We’ve made some updates to our design and have some new images to share. The main changes are to bring the strawbales to the inside of the wall, leaving the outside with wood siding. This should reduce maintenance and improve thermal properties by bringing the thermal mass of the plaster to the inside of the building. We’ve also redesigned the clerestory to allow for more natural light and have updated the shading structures for the southern windows.
Moisture can be a nightmare for builders. It’s always wanting to leak in, wick up, or infiltrate into a building and with moisture comes rot and mold.
To ensure our new building’s walls would avoid moisture problems we did what is called an Envelope Analysis to look at the moisture conditions within the envelope (wall and roof systems) of our building.
We hired a consultant who used WUFI software to model conditions in our walls. The model includes our local climate data and a model of our HVAC system, as well as estimates of how our building will get used: occupancy rates, how many meals cooked, showers taken, etc.
Our wall system is not typical as it includes both a stick frame with blow in cellulose and strawbales. Luckily someone had already figured out the moisture properties of strawbales and published it online.
The good news is that the model showed that in general our wall system will be free of moisture problems. The strawbales showed no accumulation of moisture, with moisture declining over time with some seasonal variation. Our roof system, a more standard system with metal roofing and blow-in cellulose also had no moisture problems.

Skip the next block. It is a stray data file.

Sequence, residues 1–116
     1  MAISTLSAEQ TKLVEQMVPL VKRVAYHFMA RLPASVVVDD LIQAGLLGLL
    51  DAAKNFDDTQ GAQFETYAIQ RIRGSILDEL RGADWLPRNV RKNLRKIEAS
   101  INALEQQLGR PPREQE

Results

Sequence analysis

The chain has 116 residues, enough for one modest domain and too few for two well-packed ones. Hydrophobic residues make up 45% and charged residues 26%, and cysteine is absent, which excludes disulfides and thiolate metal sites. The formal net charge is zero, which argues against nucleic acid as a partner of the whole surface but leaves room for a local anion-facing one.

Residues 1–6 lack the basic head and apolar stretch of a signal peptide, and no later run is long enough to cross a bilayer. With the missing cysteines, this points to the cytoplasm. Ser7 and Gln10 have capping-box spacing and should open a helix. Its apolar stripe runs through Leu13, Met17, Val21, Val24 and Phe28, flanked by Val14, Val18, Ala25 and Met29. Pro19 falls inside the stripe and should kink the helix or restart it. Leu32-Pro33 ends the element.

The challenge is that our kitchen and shower areas could have problems with moisture in the cellulose if we don’t add a vapor barrier or do something to control humidity levels to below 65% relative humidity.
It’s probably possible for us to keep our humidity lower through mechanical ventilation (ie range hoods and venting for the dish sanitizer in addition to the whole house HVAC systems). But prudence would suggest that it’s best to design a building to survive even if the humidity does stay high.
The modelling software showed that if we add a 5 perm vapor barrier behind the drywall in the kitchen and bathroom we should be able to avoid any moisture problems. Another alternative would be a 1/2 inch layer of XPS (extruded polystyrene) foam board behind the drywall.
Now we’ll have to search for an LBC compliant vapor barrier but hopefully we’ll find something that works for us.
When our architectural designer wasn’t up to his eyeballs in AutoCAD or chasing down consultants he found time to produce these beautiful images of our new building. Enjoy!
When you think about styrofoam “ecological” is probably not the first word that comes to your mind. And yet rigid foam panels are an amazingly effective and convenient way to insulate a building and can be especially crucial in areas where insulation will get wet, such as under your slab.
So what is the ecological alternative?
We are still looking for the perfect product.
One option is Mineral Wool which is made from rock and has an R-value just a little lower than polystyrene. It is waterproof and does not contain flame retardants (it’s already fireproof — it’s rock) but generally does contain added formaldehyde (which is an LBC red list no-no). So far, we’ve found one brand of mineral wool that has no formaldehyde and is rated for under slabs, but it might only be available in Europe.